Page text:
Verse > Anthologies > Arthur Quiller-Couch, ed. > The Oxford Book of English Verse
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CONTENTS · BIBLIOGRAPHIC RECORD
Arthur Quiller-Couch, ed. 1919. The Oxford Book of English Verse: 1250–1900.
  
Samuel Daniel. 1562–1619
  
112. Ulysses and the Siren
  
Siren.COME, worthy Greek! Ulysses, come, 
  Possess these shores with me: 
The winds and seas are troublesome, 
  And here we may be free. 
Here may we sit and view their toil         5
  That travail in the deep, 
And joy the day in mirth the while, 
  And spend the night in sleep. 
 
Ulysses.Fair Nymph, if fame or honour were 
  To be attain'd with ease,  10
Then would I come and rest me there, 
  And leave such toils as these. 
But here it dwells, and here must I 
  With danger seek it forth: 
To spend the time luxuriously  15
  Becomes not men of worth. 
 
Siren.Ulysses, O be not deceived 
  With that unreal name; 
This honour is a thing conceived, 
  And rests on others' fame:  20
Begotten only to molest 
  Our peace, and to beguile 
The best thing of our life—our rest, 
  And give us up to toil. 
 
Ulysses.Delicious Nymph, suppose there were  25
  No honour nor report, 
Yet manliness would scorn to wear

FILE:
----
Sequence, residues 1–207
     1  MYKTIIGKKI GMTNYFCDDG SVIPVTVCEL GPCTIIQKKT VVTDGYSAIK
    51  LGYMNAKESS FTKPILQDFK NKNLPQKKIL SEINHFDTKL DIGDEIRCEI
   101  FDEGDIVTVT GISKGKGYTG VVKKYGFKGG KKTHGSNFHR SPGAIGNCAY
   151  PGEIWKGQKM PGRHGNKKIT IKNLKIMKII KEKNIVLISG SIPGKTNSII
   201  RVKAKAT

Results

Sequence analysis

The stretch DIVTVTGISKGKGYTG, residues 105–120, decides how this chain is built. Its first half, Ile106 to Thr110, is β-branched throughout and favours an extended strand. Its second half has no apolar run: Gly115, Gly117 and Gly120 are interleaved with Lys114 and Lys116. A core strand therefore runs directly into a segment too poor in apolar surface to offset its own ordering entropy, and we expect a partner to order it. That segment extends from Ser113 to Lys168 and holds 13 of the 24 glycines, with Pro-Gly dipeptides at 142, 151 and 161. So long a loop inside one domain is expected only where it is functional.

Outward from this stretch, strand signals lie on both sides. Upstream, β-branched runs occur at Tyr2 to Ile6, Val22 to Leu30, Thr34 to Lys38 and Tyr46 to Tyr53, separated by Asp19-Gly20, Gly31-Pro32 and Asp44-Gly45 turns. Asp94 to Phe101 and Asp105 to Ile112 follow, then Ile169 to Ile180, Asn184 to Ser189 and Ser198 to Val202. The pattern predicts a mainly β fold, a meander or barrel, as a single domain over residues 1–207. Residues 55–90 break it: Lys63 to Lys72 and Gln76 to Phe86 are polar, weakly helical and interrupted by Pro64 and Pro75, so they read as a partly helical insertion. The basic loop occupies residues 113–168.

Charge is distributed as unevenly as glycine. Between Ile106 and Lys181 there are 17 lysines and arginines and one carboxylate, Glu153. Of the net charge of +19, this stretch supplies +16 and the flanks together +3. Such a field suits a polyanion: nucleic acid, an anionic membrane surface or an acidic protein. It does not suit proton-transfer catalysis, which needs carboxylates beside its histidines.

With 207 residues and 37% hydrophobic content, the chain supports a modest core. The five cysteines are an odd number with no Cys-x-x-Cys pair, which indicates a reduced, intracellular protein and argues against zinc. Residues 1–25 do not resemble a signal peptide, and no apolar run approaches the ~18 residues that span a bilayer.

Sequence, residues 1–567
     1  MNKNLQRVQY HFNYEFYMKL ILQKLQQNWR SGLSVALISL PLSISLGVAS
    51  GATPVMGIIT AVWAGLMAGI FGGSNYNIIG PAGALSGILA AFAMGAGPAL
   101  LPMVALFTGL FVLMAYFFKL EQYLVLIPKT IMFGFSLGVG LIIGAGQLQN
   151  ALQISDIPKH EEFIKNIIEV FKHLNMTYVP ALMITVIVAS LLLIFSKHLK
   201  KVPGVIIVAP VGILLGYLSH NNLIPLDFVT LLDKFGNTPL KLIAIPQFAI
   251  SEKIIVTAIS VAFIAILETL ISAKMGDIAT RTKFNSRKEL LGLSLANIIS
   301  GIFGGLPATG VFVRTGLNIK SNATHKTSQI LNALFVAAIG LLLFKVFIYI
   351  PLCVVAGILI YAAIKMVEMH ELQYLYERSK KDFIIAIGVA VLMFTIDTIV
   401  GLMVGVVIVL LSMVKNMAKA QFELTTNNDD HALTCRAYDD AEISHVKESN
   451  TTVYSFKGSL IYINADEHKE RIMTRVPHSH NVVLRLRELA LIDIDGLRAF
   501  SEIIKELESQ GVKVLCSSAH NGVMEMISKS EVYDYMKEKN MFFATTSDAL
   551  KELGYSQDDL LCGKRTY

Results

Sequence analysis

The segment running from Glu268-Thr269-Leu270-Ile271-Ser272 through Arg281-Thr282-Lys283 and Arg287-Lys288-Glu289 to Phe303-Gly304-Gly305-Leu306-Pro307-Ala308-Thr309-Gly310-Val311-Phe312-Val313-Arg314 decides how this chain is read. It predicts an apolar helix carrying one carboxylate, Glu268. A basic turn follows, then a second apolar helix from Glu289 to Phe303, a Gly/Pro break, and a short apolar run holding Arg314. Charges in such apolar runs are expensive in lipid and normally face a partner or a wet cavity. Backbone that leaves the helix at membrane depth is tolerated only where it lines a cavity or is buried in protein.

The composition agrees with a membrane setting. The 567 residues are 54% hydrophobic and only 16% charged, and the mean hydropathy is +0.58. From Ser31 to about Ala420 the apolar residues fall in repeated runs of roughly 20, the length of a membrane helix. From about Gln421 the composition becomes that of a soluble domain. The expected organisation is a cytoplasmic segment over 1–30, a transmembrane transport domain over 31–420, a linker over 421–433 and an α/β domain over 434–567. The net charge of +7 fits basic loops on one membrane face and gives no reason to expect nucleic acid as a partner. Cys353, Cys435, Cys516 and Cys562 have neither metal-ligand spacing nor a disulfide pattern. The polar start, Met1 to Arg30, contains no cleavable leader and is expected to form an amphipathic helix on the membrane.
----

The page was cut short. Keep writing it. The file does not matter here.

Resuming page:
The time in idle sport: 
For toil doth give a better touch 
  To make us feel our joy,  30
And ease finds tediousness as much 
  As labour yields annoy. 
 
Siren.Then pleasure likewise seems the shore 
  Whereto tends all your toil, 
Which you forgo to make it more,  35
  And perish oft the while. 
Who may disport them diversely 
  Find never tedious day, 
And ease may have variety 
  As well as action may.  40
 
Ulysses.But natures of the noblest frame 
  These toils and dangers please; 
And they take comfort in the same 
  As much as you in ease; 
And with the thought of actions past  45
  Are recreated still: 
When Pleasure leaves a touch at last 
  To show that it was ill. 
 
Siren.That doth Opinion only cause 
  That 's out of Custom bred,  50
Which makes us many other laws 
  Than ever Nature did. 
No widows wail for our delights, 
  Our sports are without blood; 
The world we see by warlike wights  55
  Receives more hurt than good. 
 
Ulysses.But yet the state of things require 
  These motions of unrest: 
And these great Spirits of high desire 
  Seem born to turn them best:  60
To purge the mischiefs that increase 
  And all good order mar: 
For oft we see a wicked peace 
  To be well changed for war. 
 
Siren.Well, well, Ulysses, then I see  65
  I shall not have thee here: 
And therefore I will come to thee, 
  And take my fortune there. 
I must be won, that cannot win, 
  Yet lost were I not won;  70
For beauty hath created been 
  T' undo, or be undone. 
 
 
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